However, I had been encouraged to use this technique not to recognize existing behavior, but to elicit behavior that students were not yet exhibiting. For example, by publicly praising one student’s cooperative behavior, I was told I could get the more unruly students to settle down.
So early on, facing a classroom of disorder, I would zero in on the one child who was actually doing what I wanted him to do. In a louder-than-normal voice, I’d proclaim, “I like the way Bobby is sitting.” Occasionally the others would look at Bobby and perhaps one or two would sit down, but for the most part, my “positive reinforcement” had little effect on my class— and after a while, wore pretty thin on Bobby, who quickly realized the other kids were having a whole lot more fun than he was.
Unfortunately, the sporadic “successes” I had with this technique, the overwhelming support I had for using this trick, and the absence of anything better in its place motivated me to try this all year. Then one day I actually heard what I was saying.
Here I was, praising Bobby with the hope that the rest of the class would follow suit. There was a strong implication that “if the rest of you would act like Bobby, you too, will please me and gain my conditional approval.”
Once I realized that those who actually settled down were sitting so I’d “like them too,” I realized that I was, once again, reinforcing people-pleasing and dependence on teacher approval—exactly the opposite of what I wanted.
I started to take a look at praise, and discovered a lot of manipulation behind what, on the surface, seemed like innocent and well-intention words. In praising Bobby, I was delivering an unspoken but obvious message that Bobby’s behavior was good and acceptable while the behavior of the other students, clearly, was not.
By using “I like…” as part of my praise, I was also implying that the main value of Bobby’s cooperative behavior was in it’s positive effects on me.
I also discovered that students who get used to being praised for good behavior may even perceive an absence of praise as criticism!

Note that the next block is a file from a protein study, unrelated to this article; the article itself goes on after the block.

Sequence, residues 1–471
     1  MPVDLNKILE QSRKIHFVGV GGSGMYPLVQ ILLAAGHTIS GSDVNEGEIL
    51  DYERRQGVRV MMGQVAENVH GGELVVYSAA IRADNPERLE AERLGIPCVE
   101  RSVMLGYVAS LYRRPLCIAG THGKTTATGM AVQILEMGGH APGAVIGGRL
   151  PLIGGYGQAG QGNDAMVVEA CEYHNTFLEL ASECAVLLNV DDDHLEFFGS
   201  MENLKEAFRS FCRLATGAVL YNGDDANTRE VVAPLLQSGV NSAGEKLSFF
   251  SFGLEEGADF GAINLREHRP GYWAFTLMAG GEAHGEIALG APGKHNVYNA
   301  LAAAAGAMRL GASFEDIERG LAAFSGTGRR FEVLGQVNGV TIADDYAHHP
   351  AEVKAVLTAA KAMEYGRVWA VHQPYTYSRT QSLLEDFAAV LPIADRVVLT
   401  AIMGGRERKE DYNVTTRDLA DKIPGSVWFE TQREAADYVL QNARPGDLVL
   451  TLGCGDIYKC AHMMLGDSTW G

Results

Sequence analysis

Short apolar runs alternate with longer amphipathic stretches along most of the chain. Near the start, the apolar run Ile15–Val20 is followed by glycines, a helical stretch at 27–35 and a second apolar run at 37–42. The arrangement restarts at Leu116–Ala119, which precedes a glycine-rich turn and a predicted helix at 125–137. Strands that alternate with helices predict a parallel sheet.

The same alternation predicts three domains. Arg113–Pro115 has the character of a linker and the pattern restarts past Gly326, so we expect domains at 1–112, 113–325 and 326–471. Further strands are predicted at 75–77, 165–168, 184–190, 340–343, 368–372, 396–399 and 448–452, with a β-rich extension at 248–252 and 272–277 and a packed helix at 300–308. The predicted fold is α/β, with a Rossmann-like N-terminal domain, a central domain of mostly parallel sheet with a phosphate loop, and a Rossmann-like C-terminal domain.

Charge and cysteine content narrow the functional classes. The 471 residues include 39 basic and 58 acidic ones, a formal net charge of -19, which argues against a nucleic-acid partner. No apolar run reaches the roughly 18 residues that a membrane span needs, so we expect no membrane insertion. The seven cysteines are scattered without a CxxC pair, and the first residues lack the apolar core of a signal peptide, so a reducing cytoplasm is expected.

And there were some situations where praise actually had a negative effect! Telling the entire class that “Susie wrote the best story in the class” does less to reinforce Susie’s story-writing capabilities—and may, in fact, draw unwanted and embarrassing attention to Susie—than it does to simply inform everyone that they aren’t quite up to Susie’s talents. (Did I really want to inspire win-lose competition in writing?) I also discovered that students who get used to being praised for good behavior may even perceive an absence of praise as criticism!
This discovery was rather traumatic—a fact I noted years later when, as a teacher educator, I witnessed a sense of horrified betrayal from teachers when they confront the hidden dangers in this technique.
Certainly I needed a way to motivate cooperative behavior when it did not exist, but I also I needed a way to acknowledge cooperation without relying on praise, judgments, and conditional approval. Recognizing that these were two entirely different situations, each requiring a different set of teacher behaviors was a very big step.
I started by focusing on reinforcement. First, I went a lot less public with my acknowledgements. If I wanted to recognize Susie’s writing talents, I’d go directly to Susie, either verbally— just between us—or in a note or a comment on her paper.
Next, I switched to recognition in place of praise, using a statement of an observation, without any judgment of the student’s value or even the worth of the behavior. I began saying “I see you brought your library book back” instead of “I like the way…” I forced myself to quit using statements like, “You’re so good because…” or even “I’m proud of you that you remembered,” (which also suggests my feelings about the students would not be quite as accepting had they forgotten).
This really started working when I learned to connect the child’s choice to the positive outcome of that choice: “Now you can take another library book home.” Remember, the real reason I want the kids to finish their work is so they can go on to the next book, so they can go to the enrichment center, so they can do some other activity—not so that I will feel happy or less frustrated!
Tokens and Motivators
Another method I tried early on was giving tokens as tangible rewards for a desired behavior. I believed that tokens could be effective in shaping a student’s actions and often appeared to work quickly. The problem was discovering a way to keep this reward-systems management from managing me! Between making tokens, managing their distribution and the kids’ endless desire to cash them in, I barely had time to teach!
Although this strategy was highly recommended back in my teacher-training classes, I found this approach to be the least effective—and the least necessary—of just about anything I tried. And in working with other teachers, I’ve seen that tokens are often used in the same ways as praise, and often just as arbitrarily, to reinforce teacher-pleasing behavior.
Far more effective than tokens, particularly to modify in-class, off-task student behavior, is a contingency with “activity reinforcement,” the opportunity to do something interesting, fun, or personally fulfilling when something else is done.
In order for any reinforcer to work, it has to be meaningful to the student. That isn’t always easy with 30-some students (much less the number of kids that art, music, PE, or secondary teachers encounter). Additionally, in a misguided attempt to be “fair,” the thought of offering different reinforcers to different students seems to violate the notion that all students should be treated equally. Not so.